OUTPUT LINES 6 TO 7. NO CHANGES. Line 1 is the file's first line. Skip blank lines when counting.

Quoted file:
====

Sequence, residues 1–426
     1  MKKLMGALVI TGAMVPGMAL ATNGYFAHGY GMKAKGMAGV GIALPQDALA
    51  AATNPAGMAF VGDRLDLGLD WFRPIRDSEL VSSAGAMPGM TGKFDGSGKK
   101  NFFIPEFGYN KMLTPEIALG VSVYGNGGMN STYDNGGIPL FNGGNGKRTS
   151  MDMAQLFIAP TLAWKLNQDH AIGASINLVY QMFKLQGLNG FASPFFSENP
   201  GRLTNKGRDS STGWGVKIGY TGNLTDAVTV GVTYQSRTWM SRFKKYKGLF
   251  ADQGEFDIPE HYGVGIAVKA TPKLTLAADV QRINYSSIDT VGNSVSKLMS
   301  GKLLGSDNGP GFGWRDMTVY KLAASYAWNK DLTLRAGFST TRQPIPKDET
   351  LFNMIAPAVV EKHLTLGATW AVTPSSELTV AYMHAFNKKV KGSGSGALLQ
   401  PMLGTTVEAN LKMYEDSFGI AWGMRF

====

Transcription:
   201  GRLTNKGRDS STGWGVKIGY TGNLTDAVTV GVTYQSRTWM SRFKKYKGLF
   251  ADQGEFDIPE HYGVGIAVKA TPKLTLAADV QRINYSSIDT VGNSVSKLMS